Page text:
UNCLOS is a central international convention for the Arctic region and was adopted in 1982. It lays down a comprehensive regime of law and order in the world’s oceans and seas, establishing rules governing all uses of the oceans and their resources. All the Arctic states are parties to the Convention, except for the United States. Much of the discussion about the United Nations Convention on the Law of the Sea (UNCLOS) has centered on the United State’s refusal to ratify it, which, according to proponents of ratification, has left US interests unsecured in a rapidly warming and increasingly accessible Arctic.
The Loss of the Unknown
In recent years, it has become clear that countries seek the Arctic as an increasingly important area for accessing resources and a source of rising geopolitical tensions. In particular, mining and mineral extraction are becoming central issues of concern. Alongside this, attempts from rising powers such as China and India in the Arctic have raised new issues of competition and transnational relations in the region.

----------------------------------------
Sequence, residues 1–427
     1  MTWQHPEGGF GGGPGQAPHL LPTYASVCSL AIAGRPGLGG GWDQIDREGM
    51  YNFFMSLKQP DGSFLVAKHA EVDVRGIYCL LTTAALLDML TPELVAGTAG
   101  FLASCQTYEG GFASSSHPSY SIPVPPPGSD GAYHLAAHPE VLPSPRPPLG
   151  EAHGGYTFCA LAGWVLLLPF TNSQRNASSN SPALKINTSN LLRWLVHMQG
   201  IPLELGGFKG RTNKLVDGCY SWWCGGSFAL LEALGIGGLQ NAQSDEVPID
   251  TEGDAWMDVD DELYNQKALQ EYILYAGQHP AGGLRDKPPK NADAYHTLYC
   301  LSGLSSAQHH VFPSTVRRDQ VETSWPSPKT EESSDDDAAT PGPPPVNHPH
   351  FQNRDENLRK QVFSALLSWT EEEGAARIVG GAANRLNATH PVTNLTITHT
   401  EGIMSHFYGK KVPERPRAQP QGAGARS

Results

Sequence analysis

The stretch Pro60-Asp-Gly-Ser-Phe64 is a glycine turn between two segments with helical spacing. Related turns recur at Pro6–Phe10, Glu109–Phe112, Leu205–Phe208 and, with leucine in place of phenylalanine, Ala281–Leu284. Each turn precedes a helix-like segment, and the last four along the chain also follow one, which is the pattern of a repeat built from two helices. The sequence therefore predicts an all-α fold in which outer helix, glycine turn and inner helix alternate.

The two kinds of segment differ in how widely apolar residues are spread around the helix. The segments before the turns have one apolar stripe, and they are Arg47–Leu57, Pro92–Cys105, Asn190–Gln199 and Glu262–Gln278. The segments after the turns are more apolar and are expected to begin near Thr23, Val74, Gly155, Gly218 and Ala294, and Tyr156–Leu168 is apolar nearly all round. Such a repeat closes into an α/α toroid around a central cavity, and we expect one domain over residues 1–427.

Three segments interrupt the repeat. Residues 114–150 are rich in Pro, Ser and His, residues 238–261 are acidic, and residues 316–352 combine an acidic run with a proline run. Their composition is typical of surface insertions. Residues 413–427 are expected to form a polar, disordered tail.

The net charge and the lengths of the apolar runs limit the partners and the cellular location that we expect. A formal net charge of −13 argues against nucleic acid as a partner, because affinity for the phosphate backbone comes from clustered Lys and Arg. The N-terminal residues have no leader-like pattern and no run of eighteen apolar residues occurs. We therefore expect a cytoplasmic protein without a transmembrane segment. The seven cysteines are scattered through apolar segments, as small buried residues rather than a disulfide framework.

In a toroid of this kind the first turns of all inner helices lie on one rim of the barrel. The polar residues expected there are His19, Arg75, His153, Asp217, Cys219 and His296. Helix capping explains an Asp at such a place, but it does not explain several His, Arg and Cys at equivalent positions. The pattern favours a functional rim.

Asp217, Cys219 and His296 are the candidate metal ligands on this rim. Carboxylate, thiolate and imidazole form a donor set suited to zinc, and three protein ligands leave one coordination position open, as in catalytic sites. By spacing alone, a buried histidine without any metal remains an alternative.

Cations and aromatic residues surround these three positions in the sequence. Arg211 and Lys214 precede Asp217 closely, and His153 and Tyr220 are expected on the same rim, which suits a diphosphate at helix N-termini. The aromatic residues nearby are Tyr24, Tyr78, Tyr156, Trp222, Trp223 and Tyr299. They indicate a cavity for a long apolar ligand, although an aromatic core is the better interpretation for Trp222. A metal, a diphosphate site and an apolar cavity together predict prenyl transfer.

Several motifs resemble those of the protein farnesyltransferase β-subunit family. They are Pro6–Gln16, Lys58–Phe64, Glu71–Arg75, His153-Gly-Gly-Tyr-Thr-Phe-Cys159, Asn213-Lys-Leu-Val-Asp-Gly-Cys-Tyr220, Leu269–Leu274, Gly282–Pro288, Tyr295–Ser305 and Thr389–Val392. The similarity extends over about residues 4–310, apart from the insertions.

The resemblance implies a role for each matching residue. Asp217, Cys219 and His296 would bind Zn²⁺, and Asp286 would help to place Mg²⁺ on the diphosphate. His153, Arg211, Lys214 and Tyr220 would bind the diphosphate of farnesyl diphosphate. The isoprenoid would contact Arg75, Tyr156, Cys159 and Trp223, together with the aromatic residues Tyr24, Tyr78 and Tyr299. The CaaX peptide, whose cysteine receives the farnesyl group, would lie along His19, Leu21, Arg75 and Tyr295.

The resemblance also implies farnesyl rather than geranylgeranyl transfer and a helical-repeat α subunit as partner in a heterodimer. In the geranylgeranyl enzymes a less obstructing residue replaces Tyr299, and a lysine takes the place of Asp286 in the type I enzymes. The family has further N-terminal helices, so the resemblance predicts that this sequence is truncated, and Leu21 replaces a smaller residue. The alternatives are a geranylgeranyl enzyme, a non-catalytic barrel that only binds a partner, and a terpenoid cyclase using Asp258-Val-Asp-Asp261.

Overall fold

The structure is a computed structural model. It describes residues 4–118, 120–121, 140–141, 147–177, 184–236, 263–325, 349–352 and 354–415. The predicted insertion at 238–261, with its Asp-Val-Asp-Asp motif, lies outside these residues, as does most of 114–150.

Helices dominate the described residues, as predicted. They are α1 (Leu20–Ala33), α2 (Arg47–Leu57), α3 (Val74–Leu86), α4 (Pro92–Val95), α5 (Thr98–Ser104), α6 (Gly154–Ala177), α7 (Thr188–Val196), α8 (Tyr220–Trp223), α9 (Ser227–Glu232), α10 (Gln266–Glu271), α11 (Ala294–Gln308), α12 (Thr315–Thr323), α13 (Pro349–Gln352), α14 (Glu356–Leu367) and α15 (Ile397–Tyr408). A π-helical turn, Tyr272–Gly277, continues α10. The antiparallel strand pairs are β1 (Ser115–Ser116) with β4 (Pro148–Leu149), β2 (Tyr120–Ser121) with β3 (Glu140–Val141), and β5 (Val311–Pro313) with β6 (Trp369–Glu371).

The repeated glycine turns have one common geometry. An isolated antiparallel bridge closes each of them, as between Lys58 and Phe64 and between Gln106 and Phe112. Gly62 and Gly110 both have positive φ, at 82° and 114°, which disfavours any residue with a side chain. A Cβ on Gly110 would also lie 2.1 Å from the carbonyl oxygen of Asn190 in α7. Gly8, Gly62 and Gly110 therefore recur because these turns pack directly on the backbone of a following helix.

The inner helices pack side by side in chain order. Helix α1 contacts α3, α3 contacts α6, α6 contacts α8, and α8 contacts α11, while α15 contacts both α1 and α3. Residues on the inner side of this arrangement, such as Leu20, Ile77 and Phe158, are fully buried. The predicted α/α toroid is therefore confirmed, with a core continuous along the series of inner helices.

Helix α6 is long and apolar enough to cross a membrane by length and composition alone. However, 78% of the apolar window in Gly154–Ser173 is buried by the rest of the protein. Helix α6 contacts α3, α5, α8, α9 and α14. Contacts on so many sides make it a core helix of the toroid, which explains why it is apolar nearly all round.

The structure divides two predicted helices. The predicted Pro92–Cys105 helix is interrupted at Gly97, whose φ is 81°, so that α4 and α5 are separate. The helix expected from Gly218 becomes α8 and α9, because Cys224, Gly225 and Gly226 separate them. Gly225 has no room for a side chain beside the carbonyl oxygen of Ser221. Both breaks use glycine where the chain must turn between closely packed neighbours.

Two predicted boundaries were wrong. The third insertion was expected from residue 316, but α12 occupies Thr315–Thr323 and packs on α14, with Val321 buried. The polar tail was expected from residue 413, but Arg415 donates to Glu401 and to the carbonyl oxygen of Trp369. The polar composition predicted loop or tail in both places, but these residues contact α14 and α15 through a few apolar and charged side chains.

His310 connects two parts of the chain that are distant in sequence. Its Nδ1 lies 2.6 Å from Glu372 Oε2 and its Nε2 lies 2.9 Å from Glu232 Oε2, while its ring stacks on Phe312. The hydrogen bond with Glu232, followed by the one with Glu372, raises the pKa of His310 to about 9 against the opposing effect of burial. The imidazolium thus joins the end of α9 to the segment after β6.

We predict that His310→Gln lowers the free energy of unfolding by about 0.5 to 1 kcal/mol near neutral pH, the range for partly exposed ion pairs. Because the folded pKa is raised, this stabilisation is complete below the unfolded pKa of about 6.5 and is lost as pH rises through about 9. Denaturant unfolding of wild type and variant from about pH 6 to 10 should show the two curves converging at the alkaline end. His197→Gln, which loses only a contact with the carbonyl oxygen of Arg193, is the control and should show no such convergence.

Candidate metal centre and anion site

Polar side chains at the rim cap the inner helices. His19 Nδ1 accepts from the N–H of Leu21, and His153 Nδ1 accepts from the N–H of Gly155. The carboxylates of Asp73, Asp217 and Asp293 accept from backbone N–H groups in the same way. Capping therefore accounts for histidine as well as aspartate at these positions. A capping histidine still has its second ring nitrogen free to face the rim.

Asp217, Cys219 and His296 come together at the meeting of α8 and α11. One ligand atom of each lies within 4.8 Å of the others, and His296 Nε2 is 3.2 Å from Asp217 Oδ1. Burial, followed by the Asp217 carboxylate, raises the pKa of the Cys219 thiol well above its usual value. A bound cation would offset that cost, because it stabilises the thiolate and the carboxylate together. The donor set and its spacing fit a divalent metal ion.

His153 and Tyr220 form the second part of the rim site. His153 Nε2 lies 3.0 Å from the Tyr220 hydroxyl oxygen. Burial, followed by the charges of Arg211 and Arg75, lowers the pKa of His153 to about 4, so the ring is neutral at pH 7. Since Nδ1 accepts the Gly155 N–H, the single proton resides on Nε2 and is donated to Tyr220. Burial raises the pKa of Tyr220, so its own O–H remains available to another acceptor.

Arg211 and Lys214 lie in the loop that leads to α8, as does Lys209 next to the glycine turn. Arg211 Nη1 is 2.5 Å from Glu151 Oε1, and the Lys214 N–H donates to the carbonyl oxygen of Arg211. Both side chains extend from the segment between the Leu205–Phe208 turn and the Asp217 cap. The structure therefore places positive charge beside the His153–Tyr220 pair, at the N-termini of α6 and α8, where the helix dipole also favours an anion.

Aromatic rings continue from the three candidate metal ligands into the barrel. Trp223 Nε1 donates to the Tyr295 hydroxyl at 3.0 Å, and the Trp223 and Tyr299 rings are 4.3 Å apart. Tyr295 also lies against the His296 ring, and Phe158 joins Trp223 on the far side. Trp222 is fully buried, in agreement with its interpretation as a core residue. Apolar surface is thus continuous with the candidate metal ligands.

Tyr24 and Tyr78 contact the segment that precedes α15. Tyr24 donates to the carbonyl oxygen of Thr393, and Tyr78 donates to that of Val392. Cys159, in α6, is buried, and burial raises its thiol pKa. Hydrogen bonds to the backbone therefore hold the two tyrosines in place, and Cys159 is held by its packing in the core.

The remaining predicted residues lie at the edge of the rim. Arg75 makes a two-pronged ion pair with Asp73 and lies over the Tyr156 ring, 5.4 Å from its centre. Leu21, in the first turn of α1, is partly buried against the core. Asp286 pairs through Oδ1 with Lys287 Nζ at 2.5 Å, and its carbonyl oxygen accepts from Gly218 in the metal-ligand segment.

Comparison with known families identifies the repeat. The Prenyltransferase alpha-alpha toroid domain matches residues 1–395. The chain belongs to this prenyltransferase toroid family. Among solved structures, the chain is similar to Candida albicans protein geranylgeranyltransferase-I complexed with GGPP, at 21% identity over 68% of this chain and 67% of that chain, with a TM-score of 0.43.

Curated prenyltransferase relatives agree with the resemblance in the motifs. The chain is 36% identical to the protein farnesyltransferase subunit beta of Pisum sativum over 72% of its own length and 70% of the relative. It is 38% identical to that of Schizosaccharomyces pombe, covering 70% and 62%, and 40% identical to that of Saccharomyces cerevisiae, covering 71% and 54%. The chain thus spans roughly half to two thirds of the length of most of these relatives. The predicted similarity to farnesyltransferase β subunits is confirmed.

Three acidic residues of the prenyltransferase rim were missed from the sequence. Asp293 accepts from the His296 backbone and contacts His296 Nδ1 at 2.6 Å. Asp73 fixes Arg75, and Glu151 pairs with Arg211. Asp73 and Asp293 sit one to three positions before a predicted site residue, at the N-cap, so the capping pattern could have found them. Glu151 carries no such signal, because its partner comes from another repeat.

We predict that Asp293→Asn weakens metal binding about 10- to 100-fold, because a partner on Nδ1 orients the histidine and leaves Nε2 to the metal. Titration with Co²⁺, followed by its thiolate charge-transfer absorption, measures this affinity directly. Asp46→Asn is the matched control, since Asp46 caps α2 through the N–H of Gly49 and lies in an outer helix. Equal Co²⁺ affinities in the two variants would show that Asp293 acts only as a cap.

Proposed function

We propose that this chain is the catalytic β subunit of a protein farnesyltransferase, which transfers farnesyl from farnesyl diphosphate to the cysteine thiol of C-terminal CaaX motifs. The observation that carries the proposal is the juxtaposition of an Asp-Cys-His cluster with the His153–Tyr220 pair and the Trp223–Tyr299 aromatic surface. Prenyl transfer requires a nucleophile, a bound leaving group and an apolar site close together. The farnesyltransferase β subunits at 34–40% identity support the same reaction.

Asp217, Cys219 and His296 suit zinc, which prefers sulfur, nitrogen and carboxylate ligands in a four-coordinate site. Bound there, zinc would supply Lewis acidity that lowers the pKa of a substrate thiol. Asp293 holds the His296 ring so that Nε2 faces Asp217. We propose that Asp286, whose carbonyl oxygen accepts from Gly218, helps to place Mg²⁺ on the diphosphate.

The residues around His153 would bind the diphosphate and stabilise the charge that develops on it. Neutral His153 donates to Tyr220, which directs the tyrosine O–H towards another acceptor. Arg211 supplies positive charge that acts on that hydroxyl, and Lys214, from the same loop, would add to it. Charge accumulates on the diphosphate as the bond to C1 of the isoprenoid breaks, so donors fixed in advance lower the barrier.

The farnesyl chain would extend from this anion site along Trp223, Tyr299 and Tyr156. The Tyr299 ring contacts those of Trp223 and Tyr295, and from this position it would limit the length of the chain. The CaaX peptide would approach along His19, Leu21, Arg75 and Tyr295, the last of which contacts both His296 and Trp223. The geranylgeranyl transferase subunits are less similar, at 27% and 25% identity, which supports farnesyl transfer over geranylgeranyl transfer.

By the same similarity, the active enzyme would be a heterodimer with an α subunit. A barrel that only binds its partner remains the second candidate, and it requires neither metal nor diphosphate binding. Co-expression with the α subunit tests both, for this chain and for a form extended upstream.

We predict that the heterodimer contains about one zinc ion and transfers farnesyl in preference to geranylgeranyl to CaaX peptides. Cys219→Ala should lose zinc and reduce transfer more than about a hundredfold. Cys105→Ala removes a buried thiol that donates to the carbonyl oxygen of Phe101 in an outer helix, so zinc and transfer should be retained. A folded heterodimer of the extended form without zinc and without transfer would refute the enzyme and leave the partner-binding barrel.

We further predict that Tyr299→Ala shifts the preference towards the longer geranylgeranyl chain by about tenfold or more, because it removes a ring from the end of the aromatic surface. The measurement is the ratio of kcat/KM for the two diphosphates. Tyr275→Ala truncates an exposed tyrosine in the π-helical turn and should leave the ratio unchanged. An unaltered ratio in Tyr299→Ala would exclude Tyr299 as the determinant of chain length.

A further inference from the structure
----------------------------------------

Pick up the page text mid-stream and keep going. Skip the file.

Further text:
Despite international calls for a global moratorium, Norway is looking to become the first country to start commercial deep-sea mining. This is particularly significant, as Norway is a member of the Arctic Council and a powerful political and economic actor in the Arctic region. Thirty-one countries have pledged to stop all deep-sea mining in the polar areas at the One Planet Polar Summit. In June 2023, the Norwegian parliament approved a deep-sea mining project to explore 280,000 square kilometres of seabed around the Svalbard archipelago, an area spanning into the Arctic region. This ambitious project aims to secure a strategic advantage in accessing new minerals and metals. However, it poses potential risks of adverse environmental impacts.